Friday, May 28, 2010

Where to next when the resources are so stretched?

We are getting worried that the increasing incidence of blood cancers in New Zealand – specifically lymphoma - is having an impact on our health system. One such serious impact is on specialist hospital services which are currently struggling to meet the demand in the delivery of bone marrow or stem cell transplants*.

Many blood cancers and conditions can be successfully treated with a bone marrow or stem cell transplant. Specialist treatment of this nature is only offered at tertiary treatment centres around the country - there is only one in Auckland.

Currently, due to the increased numbers of patients requiring specialist treatment, these services are under immense pressure. The incredibly hard working and dedicated specialist team of doctors, nurses and other health professionals are stretched and extremely under-resourced. We believe this is reaching a very concerning level at Auckland Hospital in particular, with transplant services being pushed beyond the limit.

Several patients have had to relocate out of Auckland in recent weeks to undergo their transplants in another centre around New Zealand. This is despite the best efforts of the treating team, who do their utmost not to relocate people unless there is no other option. Clearly, this scenario adds a further and very unwanted dimension of stress for patients and their families.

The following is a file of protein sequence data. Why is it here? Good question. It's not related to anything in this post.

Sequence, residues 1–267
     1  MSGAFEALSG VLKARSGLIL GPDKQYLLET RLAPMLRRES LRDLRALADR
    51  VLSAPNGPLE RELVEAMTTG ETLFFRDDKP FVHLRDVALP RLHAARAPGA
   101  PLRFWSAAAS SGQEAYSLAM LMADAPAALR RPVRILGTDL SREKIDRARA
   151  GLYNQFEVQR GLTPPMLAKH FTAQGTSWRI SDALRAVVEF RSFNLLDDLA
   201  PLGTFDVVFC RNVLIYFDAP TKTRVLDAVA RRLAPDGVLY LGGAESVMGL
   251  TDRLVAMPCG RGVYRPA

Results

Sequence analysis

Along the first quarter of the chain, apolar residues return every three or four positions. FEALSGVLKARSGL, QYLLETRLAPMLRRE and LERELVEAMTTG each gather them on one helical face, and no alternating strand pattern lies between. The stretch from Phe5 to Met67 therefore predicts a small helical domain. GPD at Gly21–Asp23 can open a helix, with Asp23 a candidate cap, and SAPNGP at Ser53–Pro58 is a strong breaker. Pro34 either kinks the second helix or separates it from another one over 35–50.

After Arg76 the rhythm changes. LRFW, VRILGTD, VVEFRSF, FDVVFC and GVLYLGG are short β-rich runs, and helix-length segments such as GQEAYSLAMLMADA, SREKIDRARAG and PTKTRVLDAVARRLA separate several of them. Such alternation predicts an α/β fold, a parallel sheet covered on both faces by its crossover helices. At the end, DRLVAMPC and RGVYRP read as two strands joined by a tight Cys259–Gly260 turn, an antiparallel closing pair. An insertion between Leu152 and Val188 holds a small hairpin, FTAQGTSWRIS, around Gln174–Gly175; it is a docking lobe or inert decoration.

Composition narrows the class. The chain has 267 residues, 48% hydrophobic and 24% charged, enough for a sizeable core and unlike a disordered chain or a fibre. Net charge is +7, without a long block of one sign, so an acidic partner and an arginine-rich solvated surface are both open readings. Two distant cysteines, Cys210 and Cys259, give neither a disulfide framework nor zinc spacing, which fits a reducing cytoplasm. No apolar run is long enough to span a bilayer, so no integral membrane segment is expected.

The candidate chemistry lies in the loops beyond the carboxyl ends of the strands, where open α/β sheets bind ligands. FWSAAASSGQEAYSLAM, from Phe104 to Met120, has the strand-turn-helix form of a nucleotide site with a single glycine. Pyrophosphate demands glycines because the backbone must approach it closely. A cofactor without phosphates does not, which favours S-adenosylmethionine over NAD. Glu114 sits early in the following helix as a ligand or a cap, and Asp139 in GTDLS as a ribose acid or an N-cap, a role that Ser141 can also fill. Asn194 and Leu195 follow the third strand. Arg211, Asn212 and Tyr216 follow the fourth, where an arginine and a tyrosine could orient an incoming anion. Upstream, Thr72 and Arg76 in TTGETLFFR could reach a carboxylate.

If this issue was to occur on a larger scale then the problem will simply spill into other (already busy) haematology treatment centres around the country, eventually also pushing their services even further under pressure.

Our concerns are that if this service in Auckland comes under any further pressure then some might think to ration this service.

We will be keeping up to date with the situation in the treatment centres about how this issue is being managed, and hope that greater investment might quickly be made in solutions addressing this issue as, without fairly urgent intervention, it is not going to go away.

*A allogeneic bone marrow transplant, also known as (haematopoetic) stem cell transplant is a medical procedure transplanting bone marrow/stem cells from peripheral blood/or an umbilical cord from a donor, to a recipient. Patients with blood cancers such as leukaemia, lymphoma and myeloma as well as other non-malignant blood conditions benefit by allowing physicians the chance to aggressively treat the abnormal blood cells and replace with healthy bone marrow from a donor. Transplants may also be autologous using a patient’s own stem cells.

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